As a result, Zi-Argus Australia (www.zi-argus.com) acted as system integrator to help manage the upgrade. Ken Maxwell, sales director at Zi-Argus, explains that a key challenge of the project was to extract the source code out of the DCS in order to translate the syrup batching functions into ControlLogix. "To integrate the DCS process control into ControlLogix, we had to painstakingly analyze every aspect of the DCS to be in a position to replicate it in the new system," says Maxwell.
In addition, Zi-Argus was not only assigned to replicate the functions of the legacy DCS using ControlLogix, but also to improve the operator interface and the reporting components of the system. "The operator interface was improved by replacing all of the screens and HMIs, and upgrading from RSView 32 to the newest software version—FactoryTalkView Supervisory Edition," adds Maxwell. "The result is a system that's now more capable, more intuitive for operators, and makes it easier to find faults."
Thanks to its upgrade project, the primary user interface for Huntingwood's syrup application is a SCADA and SQL server supported by three onsite clients, which each run FactoryTalkView SE software. Operators use the SCADA to specify batch recipes, batch sizes, destination tanks and CIP requirements. The SCADA and clients are linked via EtherNet/IP to the ControlLogix controller, and small HMIs are connected via serial interface. ControlNet communications are used to network various process sensors and drives back to ControlLogix, which had its CPU in the syrup room upgraded to handle the two additional racks of I/O that replace the former DCS.
The project's engineers and integrators report that Schweppes' new syrup batching system is a model example of Rockwell Automation's PlantPAx solution for unified plant process control. In general, PlantPAx provides a scalable portfolio of enhanced process technologies, solutions and services for plant-wide control. With built-in DCS and PLC functionality, PlantPAx can be used for applications involving both process automation and discrete functions.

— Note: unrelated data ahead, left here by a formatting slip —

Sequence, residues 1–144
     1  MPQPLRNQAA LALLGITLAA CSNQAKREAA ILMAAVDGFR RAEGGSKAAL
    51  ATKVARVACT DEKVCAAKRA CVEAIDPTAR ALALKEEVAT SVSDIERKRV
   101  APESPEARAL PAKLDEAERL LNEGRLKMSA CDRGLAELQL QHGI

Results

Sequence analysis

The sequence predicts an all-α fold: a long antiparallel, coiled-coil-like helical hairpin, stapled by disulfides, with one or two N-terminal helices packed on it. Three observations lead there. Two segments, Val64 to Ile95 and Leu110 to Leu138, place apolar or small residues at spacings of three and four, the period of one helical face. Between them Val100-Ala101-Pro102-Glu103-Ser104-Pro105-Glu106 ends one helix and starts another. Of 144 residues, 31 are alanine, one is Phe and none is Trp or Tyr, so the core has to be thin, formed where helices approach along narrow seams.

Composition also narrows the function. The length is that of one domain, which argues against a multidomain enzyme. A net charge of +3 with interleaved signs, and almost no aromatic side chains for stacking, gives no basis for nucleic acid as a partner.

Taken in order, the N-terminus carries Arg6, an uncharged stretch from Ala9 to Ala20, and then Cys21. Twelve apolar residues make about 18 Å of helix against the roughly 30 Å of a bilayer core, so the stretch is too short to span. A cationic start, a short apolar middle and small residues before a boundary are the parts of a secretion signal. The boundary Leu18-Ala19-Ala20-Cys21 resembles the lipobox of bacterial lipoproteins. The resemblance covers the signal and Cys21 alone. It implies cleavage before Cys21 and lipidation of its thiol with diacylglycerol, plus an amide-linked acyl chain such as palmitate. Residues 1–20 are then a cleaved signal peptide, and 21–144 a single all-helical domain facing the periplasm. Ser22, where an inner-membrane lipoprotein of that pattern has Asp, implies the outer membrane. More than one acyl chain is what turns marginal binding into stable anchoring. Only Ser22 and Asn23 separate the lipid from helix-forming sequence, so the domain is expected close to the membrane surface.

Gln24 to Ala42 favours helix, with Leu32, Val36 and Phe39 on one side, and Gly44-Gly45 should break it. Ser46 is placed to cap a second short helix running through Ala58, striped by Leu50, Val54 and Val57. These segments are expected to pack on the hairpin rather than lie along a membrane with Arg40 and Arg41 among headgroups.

Maxwell adds that all of Huntingwood's process lines now link back to the SQL server database, facilitating more comprehensive and consistent capture of data and, consequently, better reporting capabilities. "Having all systems feeding data into the SQL database has meant a quantum leap forward in the system's ability to extract data and populate a database," he says. "It allows the system to generate detailed batch and quality assurance reports, which can be archived more easily."
Ung says that the plant's upgrade project had a fallback position just in case. The legacy system remained functional during the changeover, but this capability was never employed. "The new system worked well upon first initialization," says Ung. "The changeover ControlLogix could not have gone more smoothly."
In the wake of its upgrade, Schweppes Australia is also using the TechConnect support program from Rockwell Automation and an ongoing service agreement with Zi-Argus. "Previously, we had no site expertise regarding the DCS system, and there were only a couple of people in Australia with the technical expertise to program or find faults in the system," adds Ung. "The upgraded system is far easier for on-site personnel to troubleshoot, especially with the support from TechConnect. The service agreement with Zi-Argus Australia provides assurance that unplanned downtime can be minimized. This upgrade will help ensure that Schweppes continues to meet rising demand long into the future."